Hi there, guys and dolls! Today, let’s talk about reading — or shall I say how I read now that I am a professional writer. Read along and I’ll share with you how things change for the better.
I’ve always been an avid reader, from Nancy Drew to Herodotus and practically everything and everyone in-between, but I’ve been a skimmer, a fast Evelyn Wood type of reader, gleaning and absorbing what I could at sometimes lightning speed. At that rate, I’ve sometimes missed some things along the way, but have read many volumes.
Now I’ve been writing for many years now, but as an actual published author, it’s relatively new compared to the rest of my life on the planet. Now I’m polishing up the second (tentatively titled DEATH OF A BEAUTY QUEEN) and planning a third novel in the Poppy Cove Mystery Series. There’s no blind panic to produce a finished novel, but a strong desire to complete them in a timely manner with a sense of flow and coherency. Commitment to share the plots rattling around in my brain, getting the images and scenes into words and phrases on the page. Sometimes the words just spill and flood out, other times, fingers poise on the keys, delete and redo are used more often than actual letters. As I’ve learned to think and discipline to hone and work on it further, it’s become clear how every word, character and space is so important and has meaning.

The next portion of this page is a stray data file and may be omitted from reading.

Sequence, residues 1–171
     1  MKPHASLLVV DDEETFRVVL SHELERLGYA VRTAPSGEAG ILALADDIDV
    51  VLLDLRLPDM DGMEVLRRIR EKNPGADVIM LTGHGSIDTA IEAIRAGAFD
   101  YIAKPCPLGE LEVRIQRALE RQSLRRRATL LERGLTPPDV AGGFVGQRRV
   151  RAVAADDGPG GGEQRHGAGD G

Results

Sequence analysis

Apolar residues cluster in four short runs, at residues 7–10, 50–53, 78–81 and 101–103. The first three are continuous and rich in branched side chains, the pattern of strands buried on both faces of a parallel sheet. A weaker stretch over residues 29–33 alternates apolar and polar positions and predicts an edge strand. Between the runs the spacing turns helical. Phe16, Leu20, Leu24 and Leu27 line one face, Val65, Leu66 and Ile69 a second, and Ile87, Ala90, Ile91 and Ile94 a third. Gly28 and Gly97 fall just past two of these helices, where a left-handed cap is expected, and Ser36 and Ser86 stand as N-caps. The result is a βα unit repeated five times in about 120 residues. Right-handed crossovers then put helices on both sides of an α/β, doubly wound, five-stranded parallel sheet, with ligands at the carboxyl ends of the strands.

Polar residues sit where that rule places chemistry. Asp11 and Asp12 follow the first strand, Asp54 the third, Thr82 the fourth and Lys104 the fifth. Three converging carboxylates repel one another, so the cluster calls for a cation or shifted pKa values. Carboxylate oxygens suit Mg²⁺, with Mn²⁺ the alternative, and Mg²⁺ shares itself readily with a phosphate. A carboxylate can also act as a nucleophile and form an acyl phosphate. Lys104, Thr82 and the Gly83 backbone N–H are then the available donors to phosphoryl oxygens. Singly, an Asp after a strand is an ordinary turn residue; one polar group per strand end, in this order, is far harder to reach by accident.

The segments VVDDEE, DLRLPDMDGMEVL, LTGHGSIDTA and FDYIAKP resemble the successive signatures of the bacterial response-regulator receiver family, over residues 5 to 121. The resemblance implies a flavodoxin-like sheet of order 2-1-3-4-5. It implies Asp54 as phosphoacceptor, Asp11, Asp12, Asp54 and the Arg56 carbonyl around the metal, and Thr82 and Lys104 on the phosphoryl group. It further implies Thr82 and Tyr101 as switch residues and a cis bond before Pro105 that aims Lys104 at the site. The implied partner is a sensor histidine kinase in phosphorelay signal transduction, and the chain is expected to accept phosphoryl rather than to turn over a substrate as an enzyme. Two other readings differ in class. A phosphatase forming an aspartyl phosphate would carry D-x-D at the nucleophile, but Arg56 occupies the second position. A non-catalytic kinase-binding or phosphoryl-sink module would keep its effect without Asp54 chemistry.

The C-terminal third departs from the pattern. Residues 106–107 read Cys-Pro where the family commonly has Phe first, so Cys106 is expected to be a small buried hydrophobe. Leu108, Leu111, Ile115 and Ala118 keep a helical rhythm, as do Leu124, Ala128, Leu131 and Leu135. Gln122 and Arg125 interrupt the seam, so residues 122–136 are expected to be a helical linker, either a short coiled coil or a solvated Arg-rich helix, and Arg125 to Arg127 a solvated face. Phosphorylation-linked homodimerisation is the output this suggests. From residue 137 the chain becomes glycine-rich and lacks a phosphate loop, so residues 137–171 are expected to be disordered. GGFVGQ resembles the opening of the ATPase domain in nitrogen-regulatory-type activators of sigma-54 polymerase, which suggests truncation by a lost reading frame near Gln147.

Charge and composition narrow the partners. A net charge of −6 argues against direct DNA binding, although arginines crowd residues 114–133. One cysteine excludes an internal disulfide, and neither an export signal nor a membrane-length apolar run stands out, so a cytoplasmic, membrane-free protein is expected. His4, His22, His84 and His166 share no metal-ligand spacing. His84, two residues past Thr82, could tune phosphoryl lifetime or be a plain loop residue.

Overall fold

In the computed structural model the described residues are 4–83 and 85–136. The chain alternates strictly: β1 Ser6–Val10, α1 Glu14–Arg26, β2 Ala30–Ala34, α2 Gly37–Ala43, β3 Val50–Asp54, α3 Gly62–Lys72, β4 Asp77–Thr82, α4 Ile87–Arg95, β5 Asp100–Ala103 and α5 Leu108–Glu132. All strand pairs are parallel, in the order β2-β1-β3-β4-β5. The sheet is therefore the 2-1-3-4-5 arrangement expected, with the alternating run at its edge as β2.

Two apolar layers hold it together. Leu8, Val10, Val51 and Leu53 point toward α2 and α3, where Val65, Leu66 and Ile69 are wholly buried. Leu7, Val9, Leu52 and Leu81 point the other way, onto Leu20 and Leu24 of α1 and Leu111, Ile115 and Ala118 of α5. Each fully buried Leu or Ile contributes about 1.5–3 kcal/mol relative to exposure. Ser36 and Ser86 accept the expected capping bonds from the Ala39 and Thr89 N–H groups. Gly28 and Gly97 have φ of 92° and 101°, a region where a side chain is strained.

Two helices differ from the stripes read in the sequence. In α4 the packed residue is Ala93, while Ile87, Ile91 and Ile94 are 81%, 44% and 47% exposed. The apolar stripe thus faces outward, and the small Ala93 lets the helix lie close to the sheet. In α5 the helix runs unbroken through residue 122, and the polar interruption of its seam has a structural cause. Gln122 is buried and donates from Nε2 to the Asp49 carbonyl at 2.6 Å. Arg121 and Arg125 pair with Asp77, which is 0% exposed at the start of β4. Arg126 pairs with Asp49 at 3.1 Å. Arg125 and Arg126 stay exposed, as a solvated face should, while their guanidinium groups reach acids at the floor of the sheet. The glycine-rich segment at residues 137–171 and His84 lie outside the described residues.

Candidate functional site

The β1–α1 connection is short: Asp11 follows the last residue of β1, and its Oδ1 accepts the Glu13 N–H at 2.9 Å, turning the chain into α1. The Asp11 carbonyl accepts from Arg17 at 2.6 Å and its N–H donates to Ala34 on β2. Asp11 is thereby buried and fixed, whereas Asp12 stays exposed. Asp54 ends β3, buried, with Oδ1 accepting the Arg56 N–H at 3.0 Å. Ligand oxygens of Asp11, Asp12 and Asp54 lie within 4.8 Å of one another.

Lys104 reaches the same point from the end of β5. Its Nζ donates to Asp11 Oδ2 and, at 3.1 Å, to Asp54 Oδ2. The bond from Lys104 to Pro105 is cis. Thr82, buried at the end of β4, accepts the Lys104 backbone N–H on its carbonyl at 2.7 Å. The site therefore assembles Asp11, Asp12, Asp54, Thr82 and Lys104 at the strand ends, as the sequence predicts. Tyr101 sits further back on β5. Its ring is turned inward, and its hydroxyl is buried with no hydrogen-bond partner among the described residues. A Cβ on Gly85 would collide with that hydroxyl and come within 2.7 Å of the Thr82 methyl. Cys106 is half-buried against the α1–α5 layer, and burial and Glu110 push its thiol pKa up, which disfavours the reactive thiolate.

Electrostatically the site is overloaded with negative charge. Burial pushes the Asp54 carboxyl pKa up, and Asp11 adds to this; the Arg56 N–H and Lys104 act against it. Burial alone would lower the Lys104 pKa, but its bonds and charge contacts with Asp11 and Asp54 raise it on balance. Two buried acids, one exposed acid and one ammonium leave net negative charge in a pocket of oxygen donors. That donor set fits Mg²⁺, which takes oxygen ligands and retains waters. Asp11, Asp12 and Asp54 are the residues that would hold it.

It’s given me a new reverence for how I read fellow authors’ books for knowledge and pleasure alike. I have an empathy for the writer, built into every word, every sentence. The combination and dance that happens as the story unfolds. The excited ease when a passage seems to write itself, the panic when the words don’t come, the agonizing over one adjective over the other, the lost sleep over a comma. I’ve slowed down, appreciating what they’ve written and have such a reverence for how much it means to them and to us readers for all of us to tell our tales and share that piece of our imagined worlds with others. You’re never lost when you’re in a good book, just on the journey in humanity.
So true, Barbara Jean. My own journey as a writer has also made me read more slowly and I now savor a well-placed phrase or an apt analogy.